H.R. 40, John Conyers for many years introduced it every year. H.R. 40 was merely a study about reparations, and it didn’t move very far in Congress. Reparations for Blacks in this country is long overdue. We should have done that years ago. Hopefully the timing is right to move that forward with this administration, with President Biden, who I believe his administration so far has shown that they’re open to doing initiatives, especially bills and things of that nature, to address Blacks in this country.
But even if it is reparations, what do you call it when billions of dollars for the past 40 years, I can think of, went to all white farmers in this country? What do you call it? is my question to people like Lindsey Graham. I need to be treated with dignity and respect. Judge me for the character that I am and the life that I live in my community. I live a good life. I treat people with dignity and respect. I treat everybody that worked for me with dignity and respect, and that’s the way I want to be treated when I walk into the United States Department of Agriculture. That’s what I want to get to in this country. When do we start getting that kind of treatment?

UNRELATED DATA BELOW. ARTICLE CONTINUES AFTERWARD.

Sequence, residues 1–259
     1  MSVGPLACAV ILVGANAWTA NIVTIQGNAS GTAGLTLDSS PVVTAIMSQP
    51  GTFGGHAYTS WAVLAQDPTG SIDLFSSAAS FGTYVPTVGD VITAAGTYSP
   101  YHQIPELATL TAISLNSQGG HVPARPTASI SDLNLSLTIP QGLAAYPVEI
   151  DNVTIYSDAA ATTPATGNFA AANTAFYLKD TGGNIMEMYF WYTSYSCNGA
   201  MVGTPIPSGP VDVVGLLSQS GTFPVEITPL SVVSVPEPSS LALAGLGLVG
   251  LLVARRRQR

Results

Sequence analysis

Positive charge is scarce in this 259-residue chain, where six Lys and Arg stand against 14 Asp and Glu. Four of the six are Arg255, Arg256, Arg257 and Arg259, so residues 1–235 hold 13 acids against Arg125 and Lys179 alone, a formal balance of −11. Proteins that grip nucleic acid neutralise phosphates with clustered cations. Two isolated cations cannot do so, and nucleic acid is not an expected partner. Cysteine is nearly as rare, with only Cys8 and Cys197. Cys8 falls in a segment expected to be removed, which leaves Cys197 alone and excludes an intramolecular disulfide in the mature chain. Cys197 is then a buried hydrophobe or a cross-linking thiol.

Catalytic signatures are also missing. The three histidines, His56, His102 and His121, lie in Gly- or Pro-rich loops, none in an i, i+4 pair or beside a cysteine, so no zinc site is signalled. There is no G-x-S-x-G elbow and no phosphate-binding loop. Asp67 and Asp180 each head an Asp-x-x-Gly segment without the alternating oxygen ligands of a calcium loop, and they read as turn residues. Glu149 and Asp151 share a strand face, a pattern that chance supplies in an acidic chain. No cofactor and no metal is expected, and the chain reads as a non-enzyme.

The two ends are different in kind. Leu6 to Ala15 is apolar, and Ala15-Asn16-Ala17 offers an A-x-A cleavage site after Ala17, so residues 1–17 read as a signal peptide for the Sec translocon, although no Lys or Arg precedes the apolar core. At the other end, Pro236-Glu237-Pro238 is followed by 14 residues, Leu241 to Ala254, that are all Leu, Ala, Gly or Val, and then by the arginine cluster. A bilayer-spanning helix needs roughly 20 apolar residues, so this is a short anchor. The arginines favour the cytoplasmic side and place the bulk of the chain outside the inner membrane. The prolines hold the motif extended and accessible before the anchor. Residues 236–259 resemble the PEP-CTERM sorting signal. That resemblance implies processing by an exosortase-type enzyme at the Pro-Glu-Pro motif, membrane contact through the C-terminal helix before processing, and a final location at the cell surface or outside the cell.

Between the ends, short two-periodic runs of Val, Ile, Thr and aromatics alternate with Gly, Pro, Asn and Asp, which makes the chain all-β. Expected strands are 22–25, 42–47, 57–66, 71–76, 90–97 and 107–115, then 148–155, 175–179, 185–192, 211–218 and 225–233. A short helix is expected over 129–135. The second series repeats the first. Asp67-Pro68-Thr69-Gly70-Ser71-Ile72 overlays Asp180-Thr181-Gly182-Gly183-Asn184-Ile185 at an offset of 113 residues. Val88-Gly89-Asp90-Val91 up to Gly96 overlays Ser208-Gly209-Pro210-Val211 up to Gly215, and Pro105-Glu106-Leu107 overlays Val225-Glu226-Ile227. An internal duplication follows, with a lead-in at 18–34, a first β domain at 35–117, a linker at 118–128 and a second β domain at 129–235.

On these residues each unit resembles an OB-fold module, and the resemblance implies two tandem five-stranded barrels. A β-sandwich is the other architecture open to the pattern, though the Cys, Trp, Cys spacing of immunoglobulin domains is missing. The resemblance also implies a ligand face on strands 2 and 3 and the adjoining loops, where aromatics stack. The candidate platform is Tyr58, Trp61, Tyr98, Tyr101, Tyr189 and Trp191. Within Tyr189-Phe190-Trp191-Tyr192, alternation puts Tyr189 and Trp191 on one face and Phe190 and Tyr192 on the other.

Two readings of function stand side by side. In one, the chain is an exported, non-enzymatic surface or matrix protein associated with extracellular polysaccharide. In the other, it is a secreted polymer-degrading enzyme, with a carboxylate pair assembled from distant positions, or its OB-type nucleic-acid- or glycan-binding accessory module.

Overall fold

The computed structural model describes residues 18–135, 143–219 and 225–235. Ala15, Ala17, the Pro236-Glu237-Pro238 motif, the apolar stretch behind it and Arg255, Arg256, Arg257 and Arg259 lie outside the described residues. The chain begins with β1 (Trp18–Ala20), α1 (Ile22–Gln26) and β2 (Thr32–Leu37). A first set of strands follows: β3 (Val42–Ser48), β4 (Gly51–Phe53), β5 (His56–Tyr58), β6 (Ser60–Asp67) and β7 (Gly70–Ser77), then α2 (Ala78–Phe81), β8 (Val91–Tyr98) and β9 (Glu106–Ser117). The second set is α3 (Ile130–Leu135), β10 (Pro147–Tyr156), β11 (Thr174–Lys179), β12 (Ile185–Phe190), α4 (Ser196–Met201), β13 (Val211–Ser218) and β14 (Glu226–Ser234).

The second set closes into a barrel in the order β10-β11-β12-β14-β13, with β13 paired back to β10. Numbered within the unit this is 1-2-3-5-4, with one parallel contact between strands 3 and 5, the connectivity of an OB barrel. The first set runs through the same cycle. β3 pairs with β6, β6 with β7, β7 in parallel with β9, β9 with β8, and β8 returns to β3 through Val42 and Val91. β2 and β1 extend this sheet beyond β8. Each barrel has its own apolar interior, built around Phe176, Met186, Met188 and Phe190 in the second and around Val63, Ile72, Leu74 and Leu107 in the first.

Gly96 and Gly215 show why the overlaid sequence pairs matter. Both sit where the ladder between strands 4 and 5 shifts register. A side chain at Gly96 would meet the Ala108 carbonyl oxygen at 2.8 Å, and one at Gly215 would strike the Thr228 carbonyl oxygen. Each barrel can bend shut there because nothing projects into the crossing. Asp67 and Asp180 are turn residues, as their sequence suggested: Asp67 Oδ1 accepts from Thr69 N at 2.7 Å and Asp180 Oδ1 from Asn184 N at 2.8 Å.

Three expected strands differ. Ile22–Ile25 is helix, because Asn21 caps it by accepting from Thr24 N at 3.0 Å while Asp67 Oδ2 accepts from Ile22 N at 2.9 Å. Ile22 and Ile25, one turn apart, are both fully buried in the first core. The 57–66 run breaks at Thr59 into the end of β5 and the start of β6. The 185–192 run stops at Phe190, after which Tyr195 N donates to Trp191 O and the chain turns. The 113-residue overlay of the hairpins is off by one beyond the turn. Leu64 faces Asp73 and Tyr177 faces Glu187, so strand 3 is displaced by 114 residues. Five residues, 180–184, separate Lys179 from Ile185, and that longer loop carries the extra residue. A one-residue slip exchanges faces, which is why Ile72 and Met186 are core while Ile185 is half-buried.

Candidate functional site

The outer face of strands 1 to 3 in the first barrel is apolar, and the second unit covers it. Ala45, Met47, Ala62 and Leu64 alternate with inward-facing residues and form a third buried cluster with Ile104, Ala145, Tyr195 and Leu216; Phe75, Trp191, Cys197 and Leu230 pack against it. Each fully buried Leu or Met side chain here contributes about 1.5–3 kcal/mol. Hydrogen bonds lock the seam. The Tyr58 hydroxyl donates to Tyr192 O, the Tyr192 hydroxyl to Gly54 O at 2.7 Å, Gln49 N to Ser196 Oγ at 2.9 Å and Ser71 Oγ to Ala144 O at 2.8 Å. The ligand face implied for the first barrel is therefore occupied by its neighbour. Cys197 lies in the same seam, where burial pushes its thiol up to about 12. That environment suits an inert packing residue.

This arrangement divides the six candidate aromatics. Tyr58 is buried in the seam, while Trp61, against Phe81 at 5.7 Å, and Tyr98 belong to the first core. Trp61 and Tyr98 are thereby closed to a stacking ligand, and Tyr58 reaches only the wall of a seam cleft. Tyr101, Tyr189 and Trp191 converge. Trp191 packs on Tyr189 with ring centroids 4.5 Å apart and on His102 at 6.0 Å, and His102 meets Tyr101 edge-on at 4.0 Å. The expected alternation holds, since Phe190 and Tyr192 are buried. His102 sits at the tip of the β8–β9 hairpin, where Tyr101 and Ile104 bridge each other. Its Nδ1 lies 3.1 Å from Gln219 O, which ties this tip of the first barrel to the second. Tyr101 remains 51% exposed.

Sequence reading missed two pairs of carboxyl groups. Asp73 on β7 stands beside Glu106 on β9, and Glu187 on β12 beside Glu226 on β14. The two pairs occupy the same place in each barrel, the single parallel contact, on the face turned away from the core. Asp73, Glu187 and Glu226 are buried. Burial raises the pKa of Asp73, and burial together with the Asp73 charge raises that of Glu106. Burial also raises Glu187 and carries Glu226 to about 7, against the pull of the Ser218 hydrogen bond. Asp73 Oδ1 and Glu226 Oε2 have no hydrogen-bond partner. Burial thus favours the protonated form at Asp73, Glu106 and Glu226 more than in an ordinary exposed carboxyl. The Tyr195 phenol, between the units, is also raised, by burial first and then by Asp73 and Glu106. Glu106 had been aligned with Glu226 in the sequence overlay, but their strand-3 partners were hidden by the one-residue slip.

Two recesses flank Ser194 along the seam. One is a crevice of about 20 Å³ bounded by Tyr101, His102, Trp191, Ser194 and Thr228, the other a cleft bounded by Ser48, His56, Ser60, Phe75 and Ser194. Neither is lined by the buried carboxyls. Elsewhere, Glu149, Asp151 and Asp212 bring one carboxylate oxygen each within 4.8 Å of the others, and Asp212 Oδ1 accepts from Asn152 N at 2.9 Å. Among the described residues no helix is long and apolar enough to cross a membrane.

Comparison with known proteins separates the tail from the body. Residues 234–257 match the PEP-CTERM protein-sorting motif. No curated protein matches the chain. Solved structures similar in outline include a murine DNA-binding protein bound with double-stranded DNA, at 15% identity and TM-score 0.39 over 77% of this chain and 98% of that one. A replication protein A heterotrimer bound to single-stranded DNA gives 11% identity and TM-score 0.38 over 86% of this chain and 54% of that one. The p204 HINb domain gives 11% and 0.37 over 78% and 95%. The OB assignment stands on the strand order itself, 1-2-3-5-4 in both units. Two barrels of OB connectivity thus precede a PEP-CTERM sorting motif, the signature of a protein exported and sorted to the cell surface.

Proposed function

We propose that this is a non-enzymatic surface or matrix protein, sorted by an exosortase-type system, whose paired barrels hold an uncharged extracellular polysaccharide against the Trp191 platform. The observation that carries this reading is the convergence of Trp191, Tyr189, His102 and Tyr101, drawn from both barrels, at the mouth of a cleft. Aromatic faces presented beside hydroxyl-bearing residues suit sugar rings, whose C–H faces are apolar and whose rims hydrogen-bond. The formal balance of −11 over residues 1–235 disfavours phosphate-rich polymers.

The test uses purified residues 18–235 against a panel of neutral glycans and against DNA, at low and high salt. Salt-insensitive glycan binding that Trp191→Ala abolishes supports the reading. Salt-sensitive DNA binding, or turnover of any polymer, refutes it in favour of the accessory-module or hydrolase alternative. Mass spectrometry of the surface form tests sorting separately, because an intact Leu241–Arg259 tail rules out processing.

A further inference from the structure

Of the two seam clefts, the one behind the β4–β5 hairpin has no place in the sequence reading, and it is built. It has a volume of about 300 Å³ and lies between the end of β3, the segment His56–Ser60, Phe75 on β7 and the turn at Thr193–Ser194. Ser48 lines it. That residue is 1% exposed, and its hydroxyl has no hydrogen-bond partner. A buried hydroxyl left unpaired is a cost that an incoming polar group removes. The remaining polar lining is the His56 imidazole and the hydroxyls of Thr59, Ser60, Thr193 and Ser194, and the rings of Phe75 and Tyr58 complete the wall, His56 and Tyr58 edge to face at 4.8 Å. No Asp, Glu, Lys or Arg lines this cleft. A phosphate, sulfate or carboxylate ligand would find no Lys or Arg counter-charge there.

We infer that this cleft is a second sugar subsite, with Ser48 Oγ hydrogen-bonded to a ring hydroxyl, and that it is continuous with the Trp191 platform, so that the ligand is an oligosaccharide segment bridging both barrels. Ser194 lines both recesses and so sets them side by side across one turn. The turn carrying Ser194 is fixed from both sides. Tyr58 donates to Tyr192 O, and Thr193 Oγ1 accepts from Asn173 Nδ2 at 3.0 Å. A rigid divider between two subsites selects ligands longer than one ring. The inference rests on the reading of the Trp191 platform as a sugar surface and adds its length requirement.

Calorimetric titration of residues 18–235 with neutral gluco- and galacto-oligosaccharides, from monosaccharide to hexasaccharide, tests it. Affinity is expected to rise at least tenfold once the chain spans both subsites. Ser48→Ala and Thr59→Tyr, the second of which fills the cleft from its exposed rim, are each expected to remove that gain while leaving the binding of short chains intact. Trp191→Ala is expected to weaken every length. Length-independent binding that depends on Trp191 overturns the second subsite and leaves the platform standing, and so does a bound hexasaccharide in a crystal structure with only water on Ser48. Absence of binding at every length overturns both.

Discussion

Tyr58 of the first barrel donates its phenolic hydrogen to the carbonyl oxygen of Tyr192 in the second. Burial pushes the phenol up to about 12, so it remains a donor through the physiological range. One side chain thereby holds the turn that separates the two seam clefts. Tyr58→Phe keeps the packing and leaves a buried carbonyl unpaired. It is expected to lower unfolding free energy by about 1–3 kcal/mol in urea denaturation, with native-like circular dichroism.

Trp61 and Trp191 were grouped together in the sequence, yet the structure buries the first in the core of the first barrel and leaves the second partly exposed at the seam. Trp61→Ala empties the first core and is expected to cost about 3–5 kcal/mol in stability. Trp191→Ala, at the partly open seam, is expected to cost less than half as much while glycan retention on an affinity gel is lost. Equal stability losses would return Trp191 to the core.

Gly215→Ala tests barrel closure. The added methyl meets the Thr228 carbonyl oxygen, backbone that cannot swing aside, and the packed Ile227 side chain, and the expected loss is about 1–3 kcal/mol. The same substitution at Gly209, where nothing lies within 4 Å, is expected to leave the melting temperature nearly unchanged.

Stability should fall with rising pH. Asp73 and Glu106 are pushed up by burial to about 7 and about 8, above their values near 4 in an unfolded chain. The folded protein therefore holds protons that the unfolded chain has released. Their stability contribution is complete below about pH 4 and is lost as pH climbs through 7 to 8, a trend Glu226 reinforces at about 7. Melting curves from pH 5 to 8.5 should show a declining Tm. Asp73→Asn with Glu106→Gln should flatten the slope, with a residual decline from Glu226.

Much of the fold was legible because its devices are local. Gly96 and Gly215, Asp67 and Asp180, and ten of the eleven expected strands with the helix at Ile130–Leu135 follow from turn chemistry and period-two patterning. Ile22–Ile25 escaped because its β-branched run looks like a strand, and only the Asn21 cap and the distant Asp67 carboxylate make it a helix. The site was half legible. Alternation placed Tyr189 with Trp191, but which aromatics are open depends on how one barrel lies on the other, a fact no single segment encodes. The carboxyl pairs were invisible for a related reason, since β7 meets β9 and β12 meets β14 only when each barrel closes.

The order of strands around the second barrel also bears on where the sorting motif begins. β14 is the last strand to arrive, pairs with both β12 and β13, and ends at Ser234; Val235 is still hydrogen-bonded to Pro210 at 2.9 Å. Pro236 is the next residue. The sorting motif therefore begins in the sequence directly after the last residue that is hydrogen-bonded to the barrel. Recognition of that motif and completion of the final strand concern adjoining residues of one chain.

So, John, how much confidence do you have in Tom Vilsack as secretary of agriculture to actually distribute these funds properly and make sure that the concerns of Black farmers are actually addressed, seeing as he didn’t do it when he was in this position before?